[Aegis] including, but not limited to, releasing and canceling [the Mortgage].
MERS Transferred The Note
Mr. Lippold apparently didn’t make his mortgage payments once the Chapter 7 bankruptcy was filed, so a motion for relief from stay was filed.
Not by Aegis.
Not by MERS.
By U.S. Bank.
That’s right, MERS apparently assigned to U.S. Bank the mortgage and Note. In and of itself, that’s not a problem. There’s just one little issue, and it was of major concern for the New York bankruptcy court judge hearing the case.
MERS Had No Right To Do So
The Assignment from MERS to U.S. Bank transferred MERS’s rights in the Note, but U.S. Bank’s lawyers admitted that other than the Assignment, the record contains no evidence of U.S. Bank’s purported ownership of the Note.
In other words, MERS couldn’t transfer the Note to U.S. Bank because it had no right to do so. And the New York bankruptcy court saw right through the ruse.
Lack of Ownership Means U.S. Bank Can’t Get Relief From The Automatic Stay
Stay with me for a moment because we’re going to get a little technical. But this is important if you’re going to understand why Judge Glenn did what he did. If you don’t get these pieces of the puzzle then you’re not going to see the entire picture.
Under Section 362(d)(2) of the Bankruptcy Code, “[o]n request of a party in interest . . . the court shall grant relief from the stay . . . if—(A) the debtor does not have an equity in such property; and (B) such property is not necessary to an effective reorganization.”
In In re Mims, 438 B.R. 52, 55 (Bankr. S.D.N.Y. 2010), the New York bankruptcy court in Manhattan explained that, “in order to invoke the court’s jurisdiction to obtain relief from the automatic stay, the moving party [must] be either a creditor or a debtor.”
Section 101(10) of the Bankruptcy Code defines a “creditor,” in part, as an “entity that has a claim against the debtor that arose at the time of or before the order for relief concerning the debtor.”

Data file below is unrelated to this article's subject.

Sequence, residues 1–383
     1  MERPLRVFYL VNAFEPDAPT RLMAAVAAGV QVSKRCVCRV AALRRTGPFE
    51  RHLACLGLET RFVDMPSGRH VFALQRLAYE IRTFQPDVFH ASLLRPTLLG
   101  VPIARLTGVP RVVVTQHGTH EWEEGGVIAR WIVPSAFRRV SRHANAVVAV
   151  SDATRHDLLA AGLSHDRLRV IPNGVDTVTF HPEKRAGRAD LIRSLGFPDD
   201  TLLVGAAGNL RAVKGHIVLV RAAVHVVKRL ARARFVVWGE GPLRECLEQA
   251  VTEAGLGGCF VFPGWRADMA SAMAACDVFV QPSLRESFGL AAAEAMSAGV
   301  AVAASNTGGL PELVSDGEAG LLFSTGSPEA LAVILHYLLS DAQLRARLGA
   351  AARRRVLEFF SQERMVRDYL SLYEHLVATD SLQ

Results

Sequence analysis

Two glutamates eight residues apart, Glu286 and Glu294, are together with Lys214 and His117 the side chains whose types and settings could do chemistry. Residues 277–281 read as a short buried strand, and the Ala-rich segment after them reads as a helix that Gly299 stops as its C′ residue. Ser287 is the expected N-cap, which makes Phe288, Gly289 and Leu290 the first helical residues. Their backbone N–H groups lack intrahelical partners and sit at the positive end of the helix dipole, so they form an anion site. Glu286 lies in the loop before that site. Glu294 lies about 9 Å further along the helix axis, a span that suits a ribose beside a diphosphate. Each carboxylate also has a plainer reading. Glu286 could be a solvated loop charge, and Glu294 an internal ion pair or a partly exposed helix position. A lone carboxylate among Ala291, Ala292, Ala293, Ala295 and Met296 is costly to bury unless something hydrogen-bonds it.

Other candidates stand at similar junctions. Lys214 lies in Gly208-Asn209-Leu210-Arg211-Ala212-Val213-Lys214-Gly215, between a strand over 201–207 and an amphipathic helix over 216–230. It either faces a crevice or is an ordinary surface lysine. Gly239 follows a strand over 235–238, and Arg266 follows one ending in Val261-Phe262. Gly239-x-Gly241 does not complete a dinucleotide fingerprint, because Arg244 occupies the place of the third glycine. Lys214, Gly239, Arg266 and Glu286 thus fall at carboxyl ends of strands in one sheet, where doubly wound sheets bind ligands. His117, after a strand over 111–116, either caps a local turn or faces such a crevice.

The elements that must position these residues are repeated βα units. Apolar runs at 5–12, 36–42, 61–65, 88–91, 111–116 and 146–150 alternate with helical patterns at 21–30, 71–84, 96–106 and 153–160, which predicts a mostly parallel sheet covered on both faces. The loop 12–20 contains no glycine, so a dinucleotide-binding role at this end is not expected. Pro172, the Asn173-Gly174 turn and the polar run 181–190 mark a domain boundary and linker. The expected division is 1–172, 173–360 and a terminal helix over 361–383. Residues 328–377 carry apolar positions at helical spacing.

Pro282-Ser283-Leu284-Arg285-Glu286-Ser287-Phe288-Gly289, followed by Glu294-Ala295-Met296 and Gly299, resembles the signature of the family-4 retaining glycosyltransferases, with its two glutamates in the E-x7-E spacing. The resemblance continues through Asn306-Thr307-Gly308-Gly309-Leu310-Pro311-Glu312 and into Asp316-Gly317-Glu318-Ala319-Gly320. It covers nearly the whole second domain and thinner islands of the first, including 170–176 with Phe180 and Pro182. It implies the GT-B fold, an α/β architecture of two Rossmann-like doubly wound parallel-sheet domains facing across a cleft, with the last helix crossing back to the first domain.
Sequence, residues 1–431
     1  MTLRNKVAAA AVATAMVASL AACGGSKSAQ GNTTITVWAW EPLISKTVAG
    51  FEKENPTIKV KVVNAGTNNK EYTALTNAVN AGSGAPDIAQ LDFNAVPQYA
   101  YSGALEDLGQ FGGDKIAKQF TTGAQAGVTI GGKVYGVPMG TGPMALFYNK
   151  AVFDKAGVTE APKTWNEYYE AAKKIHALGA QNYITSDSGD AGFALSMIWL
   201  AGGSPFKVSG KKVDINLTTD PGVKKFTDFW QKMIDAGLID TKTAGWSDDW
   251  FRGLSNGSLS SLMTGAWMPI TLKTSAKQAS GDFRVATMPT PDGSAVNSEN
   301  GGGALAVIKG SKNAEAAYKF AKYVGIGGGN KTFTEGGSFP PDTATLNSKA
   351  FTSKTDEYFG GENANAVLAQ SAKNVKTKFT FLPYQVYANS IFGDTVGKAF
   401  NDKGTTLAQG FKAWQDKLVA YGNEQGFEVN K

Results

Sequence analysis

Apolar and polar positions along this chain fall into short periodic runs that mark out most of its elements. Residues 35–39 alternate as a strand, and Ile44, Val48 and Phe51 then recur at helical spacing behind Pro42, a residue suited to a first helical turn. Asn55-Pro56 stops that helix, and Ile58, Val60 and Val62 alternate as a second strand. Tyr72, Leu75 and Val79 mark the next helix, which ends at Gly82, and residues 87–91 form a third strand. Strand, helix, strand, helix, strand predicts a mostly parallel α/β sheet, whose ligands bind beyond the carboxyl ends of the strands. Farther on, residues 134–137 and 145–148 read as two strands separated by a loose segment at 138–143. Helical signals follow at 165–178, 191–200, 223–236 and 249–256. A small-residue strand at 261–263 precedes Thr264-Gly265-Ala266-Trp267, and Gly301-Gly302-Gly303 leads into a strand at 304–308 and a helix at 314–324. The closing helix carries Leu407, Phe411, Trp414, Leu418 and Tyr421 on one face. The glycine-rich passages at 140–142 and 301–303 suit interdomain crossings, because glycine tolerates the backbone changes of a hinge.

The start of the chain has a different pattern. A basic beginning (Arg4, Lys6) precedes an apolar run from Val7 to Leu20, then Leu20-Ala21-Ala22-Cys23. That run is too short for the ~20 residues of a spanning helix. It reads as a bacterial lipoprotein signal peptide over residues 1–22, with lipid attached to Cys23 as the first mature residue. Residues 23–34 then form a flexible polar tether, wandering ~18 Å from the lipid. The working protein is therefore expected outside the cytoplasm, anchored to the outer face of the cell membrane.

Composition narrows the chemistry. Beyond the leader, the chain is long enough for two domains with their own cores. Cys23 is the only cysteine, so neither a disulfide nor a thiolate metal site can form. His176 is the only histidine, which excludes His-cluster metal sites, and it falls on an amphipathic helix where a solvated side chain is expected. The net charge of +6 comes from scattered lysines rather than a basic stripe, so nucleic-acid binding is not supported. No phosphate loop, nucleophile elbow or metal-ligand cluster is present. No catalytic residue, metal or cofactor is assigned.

A “claim” is a “right to payment, whether or not such right is reduced to judgment, liquidated, unliquidated, fixed, contingent, matured, unmatured, disputed, legal, equitable, secured or unsecured” under Section 101(5)(A) of the U.S. Bankruptcy Code.
Here, Mr. Lippold didn’t owe money to U.S. Bank. Therefore, U.S. Bank was not a creditor. And because U.S. Bank was not a creditor, it could not obtain relief from the automatic stay.
Judge Glenn went a bit further, however, speaking to the fact that the invalid assignment rendered U.S. Bank unable to foreclose on the property in state court as well. If Lippold has a lawyer for his foreclosure defense, this is sure to bring a joyous tear to his or her eye as well.
What’s your take? Did Judge Glenn, in dealing a body blow to the mortgage company, accomplish something of value? Does Mr. Lippold get a free house? Should he be dealing with MERS for his modification attempts? U.S. Bank? Nobody?
And what about when he looks to sell the house at some point in the future? Will he have to start a quiet title action in order to sell the property? Will he get all of the sale proceeds, or will some bank-to-be-later named get a piece of the action?
And given the fact that a Chapter 7 bankruptcy takes only 4-5 months to wind through the court system, does this decision mean only that mortgage lenders will stop filing motions for relief from the automatic stay? Seems like the wisest tactic move, after all. No sense in risking a bad decision from the bankruptcy courts.
The case, for those of you who are interested in reading Judge Glenn’s entire opinion, can be downloaded here.